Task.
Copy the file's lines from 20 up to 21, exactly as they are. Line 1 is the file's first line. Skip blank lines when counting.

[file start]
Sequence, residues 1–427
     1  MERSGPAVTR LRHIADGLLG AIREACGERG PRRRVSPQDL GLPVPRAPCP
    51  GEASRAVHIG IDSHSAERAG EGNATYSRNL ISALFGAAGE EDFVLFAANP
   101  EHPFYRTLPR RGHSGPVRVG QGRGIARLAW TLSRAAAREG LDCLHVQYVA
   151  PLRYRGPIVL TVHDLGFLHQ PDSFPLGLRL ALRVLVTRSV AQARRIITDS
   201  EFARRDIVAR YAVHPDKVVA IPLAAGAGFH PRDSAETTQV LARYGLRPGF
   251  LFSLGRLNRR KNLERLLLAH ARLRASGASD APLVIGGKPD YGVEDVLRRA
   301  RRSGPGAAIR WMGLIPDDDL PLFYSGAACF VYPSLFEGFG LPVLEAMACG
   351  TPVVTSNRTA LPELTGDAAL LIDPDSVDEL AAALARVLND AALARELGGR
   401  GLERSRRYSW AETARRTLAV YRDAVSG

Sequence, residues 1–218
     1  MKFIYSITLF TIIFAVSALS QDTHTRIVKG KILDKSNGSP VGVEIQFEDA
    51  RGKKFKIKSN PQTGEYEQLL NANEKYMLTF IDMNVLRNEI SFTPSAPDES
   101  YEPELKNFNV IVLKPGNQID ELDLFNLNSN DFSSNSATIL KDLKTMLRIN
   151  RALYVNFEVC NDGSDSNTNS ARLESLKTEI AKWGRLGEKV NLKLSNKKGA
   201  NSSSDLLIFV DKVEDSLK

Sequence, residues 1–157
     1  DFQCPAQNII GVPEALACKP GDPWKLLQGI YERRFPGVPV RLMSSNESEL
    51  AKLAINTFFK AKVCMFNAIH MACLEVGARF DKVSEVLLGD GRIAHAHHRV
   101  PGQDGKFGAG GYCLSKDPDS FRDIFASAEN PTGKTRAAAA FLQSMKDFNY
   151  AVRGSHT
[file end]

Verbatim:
   101  PGQDGKFGAG GYCLSKDPDS FRDIFASAEN PTGKTRAAAA FLQSMKDFNY
   151  AVRGSHT